"Doctors had spent years telling me I had Epstein-Barr virus or leukemia or chronic fatigue syndrome," recalls Pamela Yelsky, 51, of Redondo Beach, California. "They didn't even think about AIDS until much later." That was ironic, since Yelsky's own stepson had the disease, contracted from tainted blood during surgery. Yelsky cared for that boy, Beau, even as years of shingles and yeast infections wore her down.
"Most women today don't feel they're at risk. All that denial is just shocking." — Pamela Yelsky, 51
In 1992, when diagnosed with AIDS, Yelsky realized she had contracted the virus at 21, through unprotected sex with a man she thought she'd marry. Yelsky got on the merry-go-round of harsh drugs then available, which would eat away at her bones, give her a humped back, and add 30 pounds of fat to her torso. Two years after her diagnosis, she was so sick that she had to stop working at her job as a loan auditor. Stepson Beau endured many of the same difficult treatments, and five years ago, at age 24, he succumbed to lymphoma brought on by HIV, a devastating blow for her and her husband, Jerry.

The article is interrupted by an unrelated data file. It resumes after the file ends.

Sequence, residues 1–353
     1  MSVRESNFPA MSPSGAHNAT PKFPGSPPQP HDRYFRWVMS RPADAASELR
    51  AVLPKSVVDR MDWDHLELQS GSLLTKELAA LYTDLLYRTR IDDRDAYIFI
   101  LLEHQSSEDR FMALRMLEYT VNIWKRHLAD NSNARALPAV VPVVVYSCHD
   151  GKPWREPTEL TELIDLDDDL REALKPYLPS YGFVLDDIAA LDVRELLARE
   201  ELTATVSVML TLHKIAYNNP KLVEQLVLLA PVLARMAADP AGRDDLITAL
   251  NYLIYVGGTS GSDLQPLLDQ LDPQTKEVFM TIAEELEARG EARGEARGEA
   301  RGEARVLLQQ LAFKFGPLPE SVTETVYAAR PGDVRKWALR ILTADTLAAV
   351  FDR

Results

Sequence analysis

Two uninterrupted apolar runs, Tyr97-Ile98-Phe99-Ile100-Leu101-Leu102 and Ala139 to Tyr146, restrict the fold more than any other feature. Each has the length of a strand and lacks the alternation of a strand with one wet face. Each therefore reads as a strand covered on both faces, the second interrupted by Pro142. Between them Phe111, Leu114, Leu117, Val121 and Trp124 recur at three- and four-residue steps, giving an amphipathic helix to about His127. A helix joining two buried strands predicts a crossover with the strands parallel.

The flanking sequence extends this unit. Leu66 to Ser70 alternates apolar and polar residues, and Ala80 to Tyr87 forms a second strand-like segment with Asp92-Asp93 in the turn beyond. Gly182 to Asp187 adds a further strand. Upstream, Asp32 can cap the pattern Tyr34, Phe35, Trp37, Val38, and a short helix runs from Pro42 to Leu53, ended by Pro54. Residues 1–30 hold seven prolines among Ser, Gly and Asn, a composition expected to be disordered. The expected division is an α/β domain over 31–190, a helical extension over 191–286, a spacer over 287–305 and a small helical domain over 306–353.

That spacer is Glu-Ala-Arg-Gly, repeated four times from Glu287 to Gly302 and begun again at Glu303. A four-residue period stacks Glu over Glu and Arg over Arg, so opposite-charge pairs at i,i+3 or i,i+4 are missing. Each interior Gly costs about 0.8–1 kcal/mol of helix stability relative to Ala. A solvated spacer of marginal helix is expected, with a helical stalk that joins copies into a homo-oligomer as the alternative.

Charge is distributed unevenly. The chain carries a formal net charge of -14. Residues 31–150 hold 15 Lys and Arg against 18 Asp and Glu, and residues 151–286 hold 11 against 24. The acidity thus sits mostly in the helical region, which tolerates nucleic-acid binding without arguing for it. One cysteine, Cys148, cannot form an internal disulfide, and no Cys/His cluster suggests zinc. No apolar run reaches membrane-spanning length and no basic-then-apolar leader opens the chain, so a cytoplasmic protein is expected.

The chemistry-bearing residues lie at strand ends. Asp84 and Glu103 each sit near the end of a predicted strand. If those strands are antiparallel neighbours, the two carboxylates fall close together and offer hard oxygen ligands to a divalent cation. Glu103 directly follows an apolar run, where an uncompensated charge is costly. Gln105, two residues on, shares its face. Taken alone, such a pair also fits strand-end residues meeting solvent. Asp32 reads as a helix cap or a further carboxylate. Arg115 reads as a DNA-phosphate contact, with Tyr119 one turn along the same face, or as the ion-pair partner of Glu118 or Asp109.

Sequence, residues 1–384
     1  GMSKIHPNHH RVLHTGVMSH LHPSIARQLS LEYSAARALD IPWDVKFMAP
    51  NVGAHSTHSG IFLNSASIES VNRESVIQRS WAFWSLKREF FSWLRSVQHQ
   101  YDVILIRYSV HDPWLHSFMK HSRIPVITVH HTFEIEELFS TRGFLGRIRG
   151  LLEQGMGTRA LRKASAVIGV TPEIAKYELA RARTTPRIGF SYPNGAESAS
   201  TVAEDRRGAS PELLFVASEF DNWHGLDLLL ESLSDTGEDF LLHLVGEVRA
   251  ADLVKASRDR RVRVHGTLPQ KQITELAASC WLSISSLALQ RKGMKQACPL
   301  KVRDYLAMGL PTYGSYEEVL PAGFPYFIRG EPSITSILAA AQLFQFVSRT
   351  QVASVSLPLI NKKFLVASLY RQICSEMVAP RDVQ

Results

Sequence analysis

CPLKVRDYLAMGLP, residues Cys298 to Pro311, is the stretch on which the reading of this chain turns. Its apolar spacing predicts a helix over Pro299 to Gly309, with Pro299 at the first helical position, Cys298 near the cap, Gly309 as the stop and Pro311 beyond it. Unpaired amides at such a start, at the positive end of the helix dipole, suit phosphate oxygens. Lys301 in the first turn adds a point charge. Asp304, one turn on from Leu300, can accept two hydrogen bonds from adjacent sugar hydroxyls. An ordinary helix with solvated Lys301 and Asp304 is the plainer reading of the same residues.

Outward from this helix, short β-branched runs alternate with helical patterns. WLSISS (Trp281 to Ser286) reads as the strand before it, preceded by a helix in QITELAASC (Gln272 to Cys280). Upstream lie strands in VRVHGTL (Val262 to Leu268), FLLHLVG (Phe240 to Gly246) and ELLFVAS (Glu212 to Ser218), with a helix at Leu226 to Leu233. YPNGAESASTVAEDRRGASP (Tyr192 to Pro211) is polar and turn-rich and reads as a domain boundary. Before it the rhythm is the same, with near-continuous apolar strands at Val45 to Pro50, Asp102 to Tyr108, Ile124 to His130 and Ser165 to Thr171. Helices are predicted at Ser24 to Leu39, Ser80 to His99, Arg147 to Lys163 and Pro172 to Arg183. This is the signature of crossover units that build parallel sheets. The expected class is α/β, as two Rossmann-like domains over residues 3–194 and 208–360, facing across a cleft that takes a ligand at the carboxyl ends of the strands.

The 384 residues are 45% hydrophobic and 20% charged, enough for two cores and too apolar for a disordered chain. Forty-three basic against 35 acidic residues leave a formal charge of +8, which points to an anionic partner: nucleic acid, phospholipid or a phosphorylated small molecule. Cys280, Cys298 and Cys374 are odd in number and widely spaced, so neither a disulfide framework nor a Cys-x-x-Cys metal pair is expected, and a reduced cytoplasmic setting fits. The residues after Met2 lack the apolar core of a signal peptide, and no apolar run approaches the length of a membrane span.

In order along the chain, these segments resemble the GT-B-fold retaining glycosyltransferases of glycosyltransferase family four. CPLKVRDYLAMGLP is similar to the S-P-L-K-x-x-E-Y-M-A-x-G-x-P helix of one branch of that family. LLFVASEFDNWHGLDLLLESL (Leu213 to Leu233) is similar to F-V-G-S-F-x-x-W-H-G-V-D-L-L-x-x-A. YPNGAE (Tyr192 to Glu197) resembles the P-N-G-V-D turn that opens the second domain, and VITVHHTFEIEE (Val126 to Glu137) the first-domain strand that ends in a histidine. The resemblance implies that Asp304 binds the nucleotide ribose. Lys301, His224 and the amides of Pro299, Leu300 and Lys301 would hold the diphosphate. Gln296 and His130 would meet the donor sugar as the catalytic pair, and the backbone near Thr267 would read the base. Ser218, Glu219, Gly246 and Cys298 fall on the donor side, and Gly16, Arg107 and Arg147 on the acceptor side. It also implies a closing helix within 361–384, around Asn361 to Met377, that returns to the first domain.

Three years ago Yelsky began a next-generation treatment called highly active antiretroviral therapy (HAART), a combination of drugs that target different parts of the virus. It does not work for every patient, but many enjoy renewed vigor and few side effects. For Yelsky, "it's a miracle," she says.
But she worries that improved treatments feed a sense of complacency about the disease, particularly among women. "Most women today don't feel they're at risk," says Yelsky, who speaks about HIV at high schools and colleges. "Seeing all that denial 30 years into the disease is just shocking."